The hostile aliens (known as "Xenos") come in different forms. There are eggs (similar to the eggs in Alien). If an egg hatches, it creates a "Critter" which can attach itself to the player and drain health. If a Critter is not killed, it eventually matures into a "Roller" (a cross between a lizard, caterpillar, and armadillo). Rollers are one of the tougher enemies, as they can ball themselves up and roll around while impervious to the players' guns. Rollers sometimes grow into the "Warrior" Xeno form, which attacks by leaping and requires multiple hits to kill from most weapons. Warriors are able to spit damaging acid across rooms (and sometimes into adjacent rooms). They also have a devastating leap attack that will knock down and disarm. One of the more insidious attacks in a Warrior's arsenal is its ability to disarm a player. Simply walking past a Warrior can cause the player's gun to drop to the floor (destroying it if still in a doorway). Other Xenos include Tentacles that randomly appear from the deck or from overhead, and trap or strangle the player respectively, and the arguably toughest enemy is a Xeno "Queen" which appears either at doors or behind certain backgrounds and throws proto-eggs at the players and shoots hypnotic eye beams which trap players and drain their health. If the proto-egg lands on a screen with a player, it grows into an egg, and eventually hatches into a critter as usual.
As players go through the various maps (Rocket ship, Moon Base, Space City, etc.), they encounter various items to be picked up. Some (human skulls, lab vials, fire extinguishers, etc.) are only for bonus points at the end of the board. Others (grenades, knives, food) are immediately useful to the players (food replenishes the players' health). Still other items (disks, tools, codes, etc.) are useful in the right room. For example, the tools fix the always-malfunctioning grenade dispenser, the disk allows the player with it to use a teleportation device, and the code enables a player to set a self-destruct sequence to destroy a base instead of letting the xenos take it over. In this case, the players receive a reduced reward compared with a victory, but if the xenos take over, there is no reward. Items collected are counted, and bonus points awarded for each collected. Grenades carry over from level to level.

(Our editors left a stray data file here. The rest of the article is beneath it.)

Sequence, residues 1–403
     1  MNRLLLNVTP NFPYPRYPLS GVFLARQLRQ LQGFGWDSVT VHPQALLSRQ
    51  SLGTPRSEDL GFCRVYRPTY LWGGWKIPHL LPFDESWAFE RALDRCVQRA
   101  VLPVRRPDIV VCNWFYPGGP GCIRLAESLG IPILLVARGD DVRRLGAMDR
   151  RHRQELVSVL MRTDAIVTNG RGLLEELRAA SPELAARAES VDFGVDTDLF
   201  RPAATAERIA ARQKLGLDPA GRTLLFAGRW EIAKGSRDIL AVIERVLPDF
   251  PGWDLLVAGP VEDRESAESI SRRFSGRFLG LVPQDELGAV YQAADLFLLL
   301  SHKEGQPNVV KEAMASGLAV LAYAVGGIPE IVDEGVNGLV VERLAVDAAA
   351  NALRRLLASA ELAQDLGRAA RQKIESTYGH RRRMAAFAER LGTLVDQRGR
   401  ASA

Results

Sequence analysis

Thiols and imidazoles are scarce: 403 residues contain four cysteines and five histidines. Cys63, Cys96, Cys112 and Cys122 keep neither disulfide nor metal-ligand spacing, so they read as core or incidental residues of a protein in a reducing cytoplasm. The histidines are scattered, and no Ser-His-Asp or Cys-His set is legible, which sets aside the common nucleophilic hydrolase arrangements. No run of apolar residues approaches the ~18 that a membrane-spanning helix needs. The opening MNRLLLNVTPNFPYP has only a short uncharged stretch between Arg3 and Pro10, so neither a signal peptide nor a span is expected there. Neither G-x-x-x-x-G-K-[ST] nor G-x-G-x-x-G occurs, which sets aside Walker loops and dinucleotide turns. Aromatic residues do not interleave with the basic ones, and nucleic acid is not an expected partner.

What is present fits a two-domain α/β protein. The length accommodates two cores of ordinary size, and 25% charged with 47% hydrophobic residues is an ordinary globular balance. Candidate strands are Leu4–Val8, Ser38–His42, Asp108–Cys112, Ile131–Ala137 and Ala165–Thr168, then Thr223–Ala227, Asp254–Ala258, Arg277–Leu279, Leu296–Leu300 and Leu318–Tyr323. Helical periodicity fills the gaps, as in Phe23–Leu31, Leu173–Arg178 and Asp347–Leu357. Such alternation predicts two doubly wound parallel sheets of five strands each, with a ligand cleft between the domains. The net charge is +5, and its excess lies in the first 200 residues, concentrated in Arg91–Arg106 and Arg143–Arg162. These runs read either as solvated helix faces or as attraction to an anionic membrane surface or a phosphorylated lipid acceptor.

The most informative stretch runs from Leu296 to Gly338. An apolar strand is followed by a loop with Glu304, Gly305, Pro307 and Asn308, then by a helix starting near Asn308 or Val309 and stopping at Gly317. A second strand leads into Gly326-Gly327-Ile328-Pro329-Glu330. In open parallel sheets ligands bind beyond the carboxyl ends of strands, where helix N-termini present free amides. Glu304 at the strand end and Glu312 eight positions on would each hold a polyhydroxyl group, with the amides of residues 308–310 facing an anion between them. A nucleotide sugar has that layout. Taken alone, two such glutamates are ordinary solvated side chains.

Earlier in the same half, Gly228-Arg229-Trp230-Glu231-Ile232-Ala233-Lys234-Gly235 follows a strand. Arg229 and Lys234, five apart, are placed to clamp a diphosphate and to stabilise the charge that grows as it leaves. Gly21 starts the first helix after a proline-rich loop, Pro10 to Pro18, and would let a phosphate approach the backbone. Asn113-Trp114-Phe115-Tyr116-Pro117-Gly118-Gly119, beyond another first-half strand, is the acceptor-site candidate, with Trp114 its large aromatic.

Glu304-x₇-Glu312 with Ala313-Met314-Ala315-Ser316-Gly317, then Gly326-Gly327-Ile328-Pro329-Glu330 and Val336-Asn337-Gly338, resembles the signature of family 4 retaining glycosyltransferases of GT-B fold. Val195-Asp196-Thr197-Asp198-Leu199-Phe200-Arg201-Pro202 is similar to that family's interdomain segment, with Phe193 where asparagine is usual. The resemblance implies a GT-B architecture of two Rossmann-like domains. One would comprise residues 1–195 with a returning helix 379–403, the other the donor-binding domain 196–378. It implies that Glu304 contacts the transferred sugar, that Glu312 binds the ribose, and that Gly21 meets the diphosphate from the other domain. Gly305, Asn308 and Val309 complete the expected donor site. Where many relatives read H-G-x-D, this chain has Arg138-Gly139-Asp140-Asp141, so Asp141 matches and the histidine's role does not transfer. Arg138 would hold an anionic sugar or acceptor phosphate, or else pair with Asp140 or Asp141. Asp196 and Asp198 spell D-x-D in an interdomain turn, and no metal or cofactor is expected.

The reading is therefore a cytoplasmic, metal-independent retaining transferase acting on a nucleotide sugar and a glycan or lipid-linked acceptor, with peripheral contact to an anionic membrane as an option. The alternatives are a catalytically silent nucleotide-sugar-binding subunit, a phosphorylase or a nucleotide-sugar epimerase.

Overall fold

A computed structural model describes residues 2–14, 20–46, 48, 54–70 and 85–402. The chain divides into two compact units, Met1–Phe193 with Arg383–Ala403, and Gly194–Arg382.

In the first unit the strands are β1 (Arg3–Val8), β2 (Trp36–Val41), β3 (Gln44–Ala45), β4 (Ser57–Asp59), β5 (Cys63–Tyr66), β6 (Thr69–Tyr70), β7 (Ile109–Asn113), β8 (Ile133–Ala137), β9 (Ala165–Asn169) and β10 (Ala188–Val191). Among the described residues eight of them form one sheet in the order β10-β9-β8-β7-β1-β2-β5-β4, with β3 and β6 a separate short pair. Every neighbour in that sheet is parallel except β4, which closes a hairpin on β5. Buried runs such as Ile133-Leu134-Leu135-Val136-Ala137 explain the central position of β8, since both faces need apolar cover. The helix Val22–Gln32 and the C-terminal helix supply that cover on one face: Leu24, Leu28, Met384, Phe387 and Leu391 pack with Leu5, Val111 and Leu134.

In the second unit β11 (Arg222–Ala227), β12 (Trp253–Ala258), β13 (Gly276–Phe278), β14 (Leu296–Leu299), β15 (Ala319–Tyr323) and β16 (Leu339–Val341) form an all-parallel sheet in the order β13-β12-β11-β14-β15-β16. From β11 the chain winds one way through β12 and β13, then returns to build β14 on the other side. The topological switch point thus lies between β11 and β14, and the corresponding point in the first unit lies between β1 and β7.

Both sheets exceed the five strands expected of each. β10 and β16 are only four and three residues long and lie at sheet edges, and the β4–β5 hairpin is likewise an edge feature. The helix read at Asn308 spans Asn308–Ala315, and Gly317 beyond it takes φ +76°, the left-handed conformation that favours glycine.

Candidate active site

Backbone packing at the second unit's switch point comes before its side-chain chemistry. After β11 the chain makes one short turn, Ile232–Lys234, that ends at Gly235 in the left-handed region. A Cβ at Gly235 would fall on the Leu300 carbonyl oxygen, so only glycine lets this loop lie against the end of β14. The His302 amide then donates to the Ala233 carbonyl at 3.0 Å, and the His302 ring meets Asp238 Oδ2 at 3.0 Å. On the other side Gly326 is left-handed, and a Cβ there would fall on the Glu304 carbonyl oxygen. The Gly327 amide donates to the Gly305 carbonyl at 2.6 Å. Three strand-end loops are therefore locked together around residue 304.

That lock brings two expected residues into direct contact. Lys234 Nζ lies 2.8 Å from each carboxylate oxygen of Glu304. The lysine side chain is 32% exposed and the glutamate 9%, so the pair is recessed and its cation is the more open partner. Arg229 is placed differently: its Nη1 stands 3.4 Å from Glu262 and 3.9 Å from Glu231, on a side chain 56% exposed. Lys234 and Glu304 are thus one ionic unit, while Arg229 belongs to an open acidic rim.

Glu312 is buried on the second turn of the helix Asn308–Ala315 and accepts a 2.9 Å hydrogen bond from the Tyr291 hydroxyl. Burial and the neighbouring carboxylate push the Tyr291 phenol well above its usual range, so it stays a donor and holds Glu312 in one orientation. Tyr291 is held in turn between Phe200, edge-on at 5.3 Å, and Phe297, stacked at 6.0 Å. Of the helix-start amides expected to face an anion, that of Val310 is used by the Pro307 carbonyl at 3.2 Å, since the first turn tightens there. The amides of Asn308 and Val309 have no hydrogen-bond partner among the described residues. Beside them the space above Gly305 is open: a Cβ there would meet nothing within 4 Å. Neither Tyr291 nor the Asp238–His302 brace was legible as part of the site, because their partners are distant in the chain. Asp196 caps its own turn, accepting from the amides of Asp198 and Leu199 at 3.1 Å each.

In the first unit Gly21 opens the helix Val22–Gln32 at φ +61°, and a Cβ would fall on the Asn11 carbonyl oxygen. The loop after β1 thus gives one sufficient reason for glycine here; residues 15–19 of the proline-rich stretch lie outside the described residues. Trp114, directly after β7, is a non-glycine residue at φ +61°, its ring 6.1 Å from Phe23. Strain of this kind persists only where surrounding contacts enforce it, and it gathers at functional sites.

Each credit gives the player a certain amount of health, which counts down even without combat. Food and some rooms replenish a player's health. The game cycles through levels, increasing the difficulty each cycle, until all players died and no one continued. It is entirely possible to do well enough to continue playing without adding more credits.
Ports[edit | edit source]
Like many games of this era, Xenophobe was ported to many home systems. Beginning in 1988, it was ported to the Atari 2600, Atari 7800, Atari ST, Commodore 64, Lynx, Amstrad CPC, Sinclair ZX Spectrum and the Nintendo Entertainment System. (An Atari 800/XL/XE conversion exists in prototype form).
Atari published the versions Xenophobe for its systems (the 7800 and XE versions were developed by BlueSky software, and the Lynx version was developed by Epyx) while Sunsoft ported it to the NES. The Commodore 64 port was done by Microplay. In 2004 Xenophobe was included in Midway's Arcade Treasures 2 for the PS2, Xbox and Nintendo Gamecube.